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Call No.: A-41; M-59
Repository: Arthur and Elizabeth Schlesinger Library on the History of Women in America, Radcliffe Institute for Advanced Study, Harvard University
Creator: Sarah Ripley Stearns, 1785-1871
Title: Papers of Sarah Ripley Stearns, 1801-1837
Quantity: .42 linear feet (1 file box)
Language of materials: Materials in English.
Abstract: Correspondence and journals of Sarah Ripley Stearns, her daughter Rachel Willard Stearns, and Eunice Callender of Massachusetts.
There is related material at the Schlesinger Library; see Eunice Callendar Diaries, 1808-1824 (A/C15). The American Antiquarian Society also holds one of Sarah Ripley Stearns' diaries (Sally Ripley Diary [manuscript], 1799-1801, 1805-1809).
Sarah Ripley was born November 26,1785, the daughter of Jerome Ripley and Sarah (Franklin) Ripley, in Greenfield, Massachusetts. She married Charles Stearns of Shelburne, Massachusetts, in 1812; they had three children and were expecting a fourth child when Charles died in 1818. Sarah Ripley Stearns was an older sister of George Ripley, a literary critic and Transcendentalist organizer of Brook Farm. She lived most of her life in Greenfield, Massachusetts.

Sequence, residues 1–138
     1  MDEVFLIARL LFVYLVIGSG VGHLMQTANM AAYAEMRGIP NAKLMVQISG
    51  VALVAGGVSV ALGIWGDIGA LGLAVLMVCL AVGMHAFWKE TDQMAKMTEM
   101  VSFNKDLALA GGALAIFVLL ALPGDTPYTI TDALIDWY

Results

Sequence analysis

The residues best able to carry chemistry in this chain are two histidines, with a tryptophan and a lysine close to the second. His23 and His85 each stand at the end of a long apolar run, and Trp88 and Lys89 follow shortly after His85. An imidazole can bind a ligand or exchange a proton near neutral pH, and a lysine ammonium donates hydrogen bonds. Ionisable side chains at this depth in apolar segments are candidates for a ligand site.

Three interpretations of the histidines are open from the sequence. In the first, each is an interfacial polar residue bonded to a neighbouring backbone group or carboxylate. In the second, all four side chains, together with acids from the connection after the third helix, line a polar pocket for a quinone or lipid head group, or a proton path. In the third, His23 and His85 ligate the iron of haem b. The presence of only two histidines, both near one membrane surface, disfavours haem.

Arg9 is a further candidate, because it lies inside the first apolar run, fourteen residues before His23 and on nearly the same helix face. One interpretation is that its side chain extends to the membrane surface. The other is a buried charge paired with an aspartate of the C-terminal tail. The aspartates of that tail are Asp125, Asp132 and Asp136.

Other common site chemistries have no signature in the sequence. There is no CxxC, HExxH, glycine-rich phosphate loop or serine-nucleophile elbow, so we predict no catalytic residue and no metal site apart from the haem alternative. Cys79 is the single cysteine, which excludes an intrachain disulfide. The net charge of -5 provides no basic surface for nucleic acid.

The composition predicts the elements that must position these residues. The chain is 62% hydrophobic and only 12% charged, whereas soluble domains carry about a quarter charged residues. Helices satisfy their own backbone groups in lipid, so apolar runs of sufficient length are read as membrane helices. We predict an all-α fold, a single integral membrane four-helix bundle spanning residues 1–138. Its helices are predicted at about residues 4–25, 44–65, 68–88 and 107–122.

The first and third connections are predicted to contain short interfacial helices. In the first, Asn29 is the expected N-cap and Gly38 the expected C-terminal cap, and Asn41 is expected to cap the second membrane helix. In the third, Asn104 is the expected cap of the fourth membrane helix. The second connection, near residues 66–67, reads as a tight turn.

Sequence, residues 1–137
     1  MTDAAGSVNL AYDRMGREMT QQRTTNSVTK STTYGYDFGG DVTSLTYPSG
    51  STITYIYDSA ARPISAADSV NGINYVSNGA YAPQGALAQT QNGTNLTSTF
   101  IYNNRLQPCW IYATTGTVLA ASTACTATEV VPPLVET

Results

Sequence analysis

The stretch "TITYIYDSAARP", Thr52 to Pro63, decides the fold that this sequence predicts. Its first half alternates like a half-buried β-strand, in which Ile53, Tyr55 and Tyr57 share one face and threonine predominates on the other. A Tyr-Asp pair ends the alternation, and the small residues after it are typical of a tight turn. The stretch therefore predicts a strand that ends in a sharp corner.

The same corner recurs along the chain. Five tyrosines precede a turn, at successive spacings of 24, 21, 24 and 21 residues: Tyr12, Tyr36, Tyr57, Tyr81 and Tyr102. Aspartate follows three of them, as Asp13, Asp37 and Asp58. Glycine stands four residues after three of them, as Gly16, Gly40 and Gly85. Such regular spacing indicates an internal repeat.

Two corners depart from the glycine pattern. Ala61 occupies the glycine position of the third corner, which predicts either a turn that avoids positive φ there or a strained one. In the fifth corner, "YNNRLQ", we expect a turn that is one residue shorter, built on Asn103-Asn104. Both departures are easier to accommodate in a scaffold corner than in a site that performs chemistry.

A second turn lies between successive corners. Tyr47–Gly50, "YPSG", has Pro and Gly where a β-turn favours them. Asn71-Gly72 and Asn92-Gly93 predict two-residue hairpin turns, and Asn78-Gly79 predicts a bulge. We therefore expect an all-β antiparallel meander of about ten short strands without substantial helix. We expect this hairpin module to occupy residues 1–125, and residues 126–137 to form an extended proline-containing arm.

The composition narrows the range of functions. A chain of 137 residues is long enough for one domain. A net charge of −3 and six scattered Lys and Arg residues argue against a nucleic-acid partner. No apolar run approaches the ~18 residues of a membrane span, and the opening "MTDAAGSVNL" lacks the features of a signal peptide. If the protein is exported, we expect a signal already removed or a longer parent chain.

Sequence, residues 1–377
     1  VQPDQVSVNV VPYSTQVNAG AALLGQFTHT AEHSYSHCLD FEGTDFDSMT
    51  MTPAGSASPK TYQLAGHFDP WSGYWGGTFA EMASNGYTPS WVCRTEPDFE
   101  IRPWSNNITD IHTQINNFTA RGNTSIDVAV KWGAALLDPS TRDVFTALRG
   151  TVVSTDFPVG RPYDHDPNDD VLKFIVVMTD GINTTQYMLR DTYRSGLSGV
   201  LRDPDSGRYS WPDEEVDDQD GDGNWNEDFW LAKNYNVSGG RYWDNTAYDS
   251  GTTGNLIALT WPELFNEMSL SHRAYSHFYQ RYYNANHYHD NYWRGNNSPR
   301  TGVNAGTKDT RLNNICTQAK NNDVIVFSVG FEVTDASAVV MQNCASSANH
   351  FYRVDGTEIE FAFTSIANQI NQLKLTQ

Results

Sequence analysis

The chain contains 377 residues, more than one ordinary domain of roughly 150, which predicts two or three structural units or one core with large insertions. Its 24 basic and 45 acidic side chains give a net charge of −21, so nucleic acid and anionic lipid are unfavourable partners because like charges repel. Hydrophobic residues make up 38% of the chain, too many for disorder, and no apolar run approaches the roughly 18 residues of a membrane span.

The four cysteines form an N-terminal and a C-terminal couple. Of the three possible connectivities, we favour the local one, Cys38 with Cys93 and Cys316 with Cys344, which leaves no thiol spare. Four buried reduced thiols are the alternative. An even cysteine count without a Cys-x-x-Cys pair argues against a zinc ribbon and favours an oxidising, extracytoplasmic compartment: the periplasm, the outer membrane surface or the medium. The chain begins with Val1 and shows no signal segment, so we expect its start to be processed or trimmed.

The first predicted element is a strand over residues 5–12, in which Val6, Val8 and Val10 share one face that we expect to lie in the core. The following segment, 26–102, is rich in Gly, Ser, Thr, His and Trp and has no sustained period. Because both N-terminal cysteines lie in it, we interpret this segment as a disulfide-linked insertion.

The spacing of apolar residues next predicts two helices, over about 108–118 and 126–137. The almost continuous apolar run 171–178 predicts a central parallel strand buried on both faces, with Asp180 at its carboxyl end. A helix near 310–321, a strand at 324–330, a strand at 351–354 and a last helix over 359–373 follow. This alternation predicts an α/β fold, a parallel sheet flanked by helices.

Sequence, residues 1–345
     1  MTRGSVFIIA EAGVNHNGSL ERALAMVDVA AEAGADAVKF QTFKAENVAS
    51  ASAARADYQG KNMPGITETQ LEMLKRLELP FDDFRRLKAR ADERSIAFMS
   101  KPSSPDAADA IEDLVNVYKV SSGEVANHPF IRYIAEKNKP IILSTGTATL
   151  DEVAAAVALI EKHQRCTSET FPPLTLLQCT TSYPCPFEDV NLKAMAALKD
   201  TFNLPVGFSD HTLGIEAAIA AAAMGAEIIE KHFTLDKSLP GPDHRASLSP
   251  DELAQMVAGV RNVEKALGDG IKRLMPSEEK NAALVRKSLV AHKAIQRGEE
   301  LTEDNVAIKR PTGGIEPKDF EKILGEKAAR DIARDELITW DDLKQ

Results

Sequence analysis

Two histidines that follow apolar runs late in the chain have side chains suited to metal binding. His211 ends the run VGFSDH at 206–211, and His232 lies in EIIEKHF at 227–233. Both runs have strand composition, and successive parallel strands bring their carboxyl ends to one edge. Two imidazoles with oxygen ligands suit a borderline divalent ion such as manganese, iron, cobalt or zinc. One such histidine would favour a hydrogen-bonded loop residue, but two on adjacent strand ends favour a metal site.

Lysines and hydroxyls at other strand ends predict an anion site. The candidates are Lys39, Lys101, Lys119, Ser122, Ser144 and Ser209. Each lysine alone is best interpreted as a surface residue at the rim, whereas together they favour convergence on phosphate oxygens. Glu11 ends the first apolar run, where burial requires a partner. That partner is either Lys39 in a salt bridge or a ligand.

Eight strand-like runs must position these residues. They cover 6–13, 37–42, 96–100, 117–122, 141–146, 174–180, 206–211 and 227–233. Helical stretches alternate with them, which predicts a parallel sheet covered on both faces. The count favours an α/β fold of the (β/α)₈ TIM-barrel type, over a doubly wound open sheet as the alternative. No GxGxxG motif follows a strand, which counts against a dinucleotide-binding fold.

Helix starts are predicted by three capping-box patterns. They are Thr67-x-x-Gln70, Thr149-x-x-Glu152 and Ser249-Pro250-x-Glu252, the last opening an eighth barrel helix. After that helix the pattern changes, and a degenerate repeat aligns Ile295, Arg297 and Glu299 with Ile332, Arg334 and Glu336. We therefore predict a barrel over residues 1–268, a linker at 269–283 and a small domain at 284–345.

The collection contains three journals, 1801-1818 of Sarah Ripley Stearns, sister of George Ripley; four journals, 1834-1837 of her daughter, Rachel Willard Stearns; 139 letters, 1802-1830 from Eunice Callender of Boston to Sarah Ripley Stearns of Greenfield and Shelburne. Full of local chit-chat, family affairs, and religious outpourings. Records of New England consciences.Volumes 1-2 of the Journals describe Sarah Ripley Stearns' life and interests of this period. She speaks of Uncle David Ripley; departure of Mr. R.B. Callender for Boston, having tended my father's store for 8 years and is now free; 1802 Reverend Ezra Ripley of Concord and his wife - to preach to the Free Masons; Mr. B. Callender brought his sister Eunice to visit from Northfield; November 1802 speaks of brother George, born October 3 (see D.A.B); visits Grandmother and Aunt Rachel in Boston; 1803 Eunice Callender visits her in March; 1804 May goes to Dorchester Ladies Academy for a few months. On September 26, 1804 speaks of being now 19 years old. (Volume 1 bears the subscription "This extract copied at Leominster, October 1823 while boarding with strangers and separated from all my children and natural relatives, except my little Charles ... still am I surrounded with proofs of the Divine Goodness")Volume 2 (Journal number 5) 1808 in Greenfield. Brother Franklin departs for Hanover (Dartmouth) on October 7; more religious notes; also family comings and goings; September 1809 Brother Franklin leaving for New York state to practice law, October settled in Cooperstown; 1810 visits in Boston, helping Aunt Rachel who keeps house for her brother and his two sons; May, returns to Greenfield; Brother Thomas has gone into partnership with Father in the store; takes on teaching her younger brothers and sisters. 1811 more visits, speaks of Sister Harriet, Catherine Emmons and Eunice Callender. November 10, 1812 marries Charles Stearns of Shelburne.Volume 3 (Journal January 3, 1813 - December 6, 1818) Married life. Death of Charles' brother Thomas, aged 22. September 11, 1813 birth of daughter Rachel Willard. Mary Stearns, Charles sister was to have visited but death of Mrs. Stearns leaves her caring for her brother Otis' family. 1814 Death of Cousin Susan Callender of Boston, aged 20 years. refers to the War, draft, etc. February 1815 Peace. Rachel growing. March 2 birth of son. Charles Stearns in partnership with Sarah's brother Thomas Ripley. December 24. a Female Charitable Society formed (Benevolent Institution); My two sisters E and M. profess religion. 1816, third child born. October 16th. 1817 Heathen School Association formed. New minister. 1818 Change in temporal affairs. Death of Charles Stearns, September 27, 1818, of typhus fever. Returns to her father's home, with three children and one unborn.The three journals 1801-1818 are full of local chit-chat, family doings, visits to relatives in Boston, etc. later parts become religious in nature.Rachel Willard Stearns, born September 11, 1813 in Shelburne, Massachusetts, daughter of Sarah Ripley and Charles Stearns.Journals, October 3, 1834 - December 17, 1837, record "the most interesting events of my life and of the Lord's dealings with me, and of my own feelings and conduct." The journals are full of religious outpourings and self-searching, introspective in nature, a fascinating record of a New England conscience.Volume 2 1834-1835. Speaks of Sarah (her sister) having tried her very much all day. Talked with Mr. Townsend, the minister, Camp meeting October 1834. "Louisa attending my school"; later on stage on way to Leominster to teach school. Conflict of Orthodoxy and Methodism.Volume 3 May 1835 - December 5, 1835. Joins Methodists. Brother William has left Boston, now in hospital in Worcester. Only 10 scholars in her school when it reopened June 8th. Finished school year, discouraged, children also leaving her sewing circle (religious controversy the cause?) September 11, 1835, speaks of humble station, poor garb, rich relations; November 4 getting her sister ready to go to Boston, "glad I am going to leave too." Rejoicing that she can attend school at Wilbraham. Uncle Franklin, her mother's brother refuses to be responsible for her school fee!Journal lacking - apparently she did not go to Wilbraham for in June 1836, Journal number 5Volume 6 Rachel is now in Newton, teaching in a school of which Mr. Davis is Head. Very introspective entries. Goes to church in the Upper Falls (a long walk) Becomes lost in the wood on the way.Volume 7 October 31, 1836 - December 17, 1837. (Journal number 6) Proposal! Fired from Mr. Davis school. Goes to teach in Woodville, Mississippi, The Miss Chapman's School. Sails for New Orleans, April 5, 1837. Description of storm at sea. Sister Margaret to join her.Eunice Callender born 1785? of Boston.139 letters to Sarah Ripley Stearns, 1802 - 1830. Comment on books, social life in Boston, theatre, current events and local gossip. Later letters become more religious in nature, full of death, illness, etc. September 30, 1813 - interesting account of Shaking Quakers at Harvard, Massachusetts. April 2, 1814 - quotes re female writers, Boston Female Asylum, etc. Makes fascinating reading in conjunction with Sarah and Rachel Stearns' letters.